‘TCM teaches that you should modify your diet to suit the time of year. The simplest way to do this is to eat food that’s in season. This will help you to stay healthy physically and emotionally,’ he says.(See the panel over the page for the seasons and their associated elements and organs).
Modifying your diet to suit summer
The season of early summer is linked to the energy of fire. In terms of organs, fire rules the heart and small intestine. ‘When heart/fire energy is balanced, you feel sociable, passionate, dynamic and energetic. You exude warmth and people are naturally drawn to you,’ says acupuncturist Elaine Gibbons.
‘Heart energy is joyful, enthusiastic, creative, sociable, affectionate and loving. But when in TCM they talk about organs, they are not in fact referring to exactly the same thing as in Western medicine.
In TCM there are 12 energetic systems, which are mostly known by the names of the organs but while the heart’s energetic system does include the physical heart, it also includes the meridians connected to the heart, as well as the acupressure points along them that help stimulate and nourish the heart.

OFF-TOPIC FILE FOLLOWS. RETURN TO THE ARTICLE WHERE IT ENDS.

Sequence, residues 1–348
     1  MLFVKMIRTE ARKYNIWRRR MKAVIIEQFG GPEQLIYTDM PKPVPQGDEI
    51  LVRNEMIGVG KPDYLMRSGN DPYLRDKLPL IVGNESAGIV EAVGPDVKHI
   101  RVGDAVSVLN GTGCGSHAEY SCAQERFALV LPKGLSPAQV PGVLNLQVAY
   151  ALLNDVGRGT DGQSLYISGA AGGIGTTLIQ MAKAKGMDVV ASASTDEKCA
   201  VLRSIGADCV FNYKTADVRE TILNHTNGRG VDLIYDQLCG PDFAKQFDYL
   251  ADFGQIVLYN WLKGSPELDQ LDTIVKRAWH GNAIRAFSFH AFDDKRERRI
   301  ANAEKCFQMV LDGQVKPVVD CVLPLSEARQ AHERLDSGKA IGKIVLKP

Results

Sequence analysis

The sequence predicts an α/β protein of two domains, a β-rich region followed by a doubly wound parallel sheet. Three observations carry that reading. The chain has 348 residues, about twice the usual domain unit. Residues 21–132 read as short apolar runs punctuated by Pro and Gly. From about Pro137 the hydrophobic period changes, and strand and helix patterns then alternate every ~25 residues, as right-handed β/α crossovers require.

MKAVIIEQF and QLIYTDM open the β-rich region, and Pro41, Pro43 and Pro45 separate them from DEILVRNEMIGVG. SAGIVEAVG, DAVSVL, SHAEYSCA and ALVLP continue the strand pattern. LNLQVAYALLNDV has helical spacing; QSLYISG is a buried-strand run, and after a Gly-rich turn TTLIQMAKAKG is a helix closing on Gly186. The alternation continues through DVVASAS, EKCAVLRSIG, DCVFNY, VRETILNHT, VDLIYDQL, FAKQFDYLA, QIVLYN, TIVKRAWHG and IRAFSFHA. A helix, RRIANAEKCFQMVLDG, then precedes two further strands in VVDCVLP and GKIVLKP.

‘So, while in TCM you could have a heart energy imbalance, there might be nothing wrong with your actual physical heart. The functions connected to the heart energy system are all about connection and intimacy, feeling loved and being loving,’ says Elaine.
‘Potential health complaints when there is an imbalance may include anxiety, restlessness, insomnia and poor concentration. Some people become overexuberant and hyper, while others become more isolated, cold, aloof and withdrawn,’ she adds. ‘What I often see in the summer is that many people stay up late, party too hard and then crash and burn.